Lesson image card - woman sitting among plastic packaging on ground and hanging from a clothes line

Lesson

woman sitting among plastic packaging on ground and hanging from a clothes line
Photo Credit: Mart Production on Pexels.

Analyze the historical events that led to contemporary attitudes towards waste and throw-away culture through a collection of book excerpts, articles, and other publications, and develop a potential future outcome for an end to the culture of disposability.

 

Grades 9 and up

Time Needed 2-3 weeks

Materials

Copy of core text: Plastic Ocean by Captain Charles Moore, Chapter 6

Cross reference texts:

  1. The World Is Drowning in Plastic. Here’s How It All Started | WIRED
  2. The History of Plastic: The Invention of Throwaway Living | Dieline – Design, Branding & Packaging Inspiration (thedieline.com)
  3. Why our throwaway culture has to end | National Geographic
  4. ‘Throwaway Living’: When Tossing Out Everything Was All the Rage – Plastic Waste Solutions | Dr. Ross Headifer (includes links for additional research)

This lesson was created by high school and university English Language Arts instructor Sarah King and is part of the “Plastic Ocean” English Language Arts Toolkit.

This lesson plan functions as a unit that may also be paired with the lesson titled “Plastic Soup in a Brave New World.”

Purpose and Context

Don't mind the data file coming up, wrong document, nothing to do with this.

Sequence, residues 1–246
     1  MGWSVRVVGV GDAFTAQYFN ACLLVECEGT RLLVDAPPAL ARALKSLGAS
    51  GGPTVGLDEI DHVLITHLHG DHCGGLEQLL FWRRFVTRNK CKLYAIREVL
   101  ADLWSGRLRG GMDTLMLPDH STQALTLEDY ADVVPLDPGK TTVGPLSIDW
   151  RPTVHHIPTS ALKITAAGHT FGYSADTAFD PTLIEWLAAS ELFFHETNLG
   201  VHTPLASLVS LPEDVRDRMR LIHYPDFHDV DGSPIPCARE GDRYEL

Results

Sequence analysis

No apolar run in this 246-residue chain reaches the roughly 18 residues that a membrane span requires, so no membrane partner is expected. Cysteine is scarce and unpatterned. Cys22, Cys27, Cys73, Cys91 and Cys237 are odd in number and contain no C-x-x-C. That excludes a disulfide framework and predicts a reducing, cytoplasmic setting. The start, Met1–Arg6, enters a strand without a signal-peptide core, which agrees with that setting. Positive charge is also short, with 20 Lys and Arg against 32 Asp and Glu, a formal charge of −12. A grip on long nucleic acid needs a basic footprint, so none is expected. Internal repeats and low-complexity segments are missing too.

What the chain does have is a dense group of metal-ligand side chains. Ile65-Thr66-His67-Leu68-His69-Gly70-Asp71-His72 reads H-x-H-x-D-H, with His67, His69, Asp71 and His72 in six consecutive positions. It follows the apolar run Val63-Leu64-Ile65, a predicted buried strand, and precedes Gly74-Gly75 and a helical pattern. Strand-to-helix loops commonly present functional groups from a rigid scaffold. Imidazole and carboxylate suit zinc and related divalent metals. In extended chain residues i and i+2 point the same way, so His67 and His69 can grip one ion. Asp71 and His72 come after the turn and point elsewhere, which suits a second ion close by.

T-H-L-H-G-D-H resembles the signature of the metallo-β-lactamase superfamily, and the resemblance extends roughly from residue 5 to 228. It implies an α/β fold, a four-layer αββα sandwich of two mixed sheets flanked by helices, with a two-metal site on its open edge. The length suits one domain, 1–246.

A text that references events and places from the reader’s life is relatable. The challenge for every teacher in every subject is to present valuable information in a relatable way so students may accept its relevance and validity. The opportunity to read and discuss Captain Moore’s Plastic Ocean Chapter 6, “The Invention of Throwaway Living” provides an experience for learners in a variety of academic subjects to explore an historical timeline including events that specifically mark the beginning of the Age of Disposability. As a Language Arts teacher, my interest in writing this lesson plan is rooted in cross-curricular opportunities with social studies, the sciences, and current events, but the direct connection Moore makes on page 101 with Wades Dairy Farm in my home state, Connecticut, caught my attention in a deeper way. Such a specific connection succeeded in capturing my attention, and the goal of this lesson is to incorporate a variety of texts, internet sources, and classroom activities to guide students toward an awareness of how significant events from the past are affecting the present and their future. Students will identify specific events on a timeline they create beginning before they were born with a focus on how these events signify the era of throwaway living which continues today. By evaluating the past, students will gain insights into the corporate decisions and economic motives that have driven plastic production to the crisis it now is and continues to be. While Chapter 6 provides several references to specific events and inventions that generated this crisis in the past, students are asked to consider what events are happening currently that indicate the continuation of plastic pollution and/or efforts to change the trajectory. Additionally, students will gather evidence to theorize about the potential for the cycle to end as they anticipate an actual date on their timeline when this could happen since Captain Moore concludes Chapter 6 with an optimistic proposal. Moore asks, “What if a preconceived endgame for each thing we made or bought was the rule, not the exception? If we had such a plan, then plastics as a material, valued so little and disposed so readily, would be rehabilitated… Without an endgame, it all becomes mere waste, and waste is worthless” (108). This challenge to change the habits of the past is directed at future generations as Moore admits in his opening “Note to the Reader” his wish he had noticed the plastic pollution crisis sooner as he dedicates Plastic Ocean “To the generations, not yet born, that creates a world where plastic pollution is unthinkable.” This hope for the future and potential for change is an exciting possibility that may only happen if we commit to learning the facts about single-use plastics.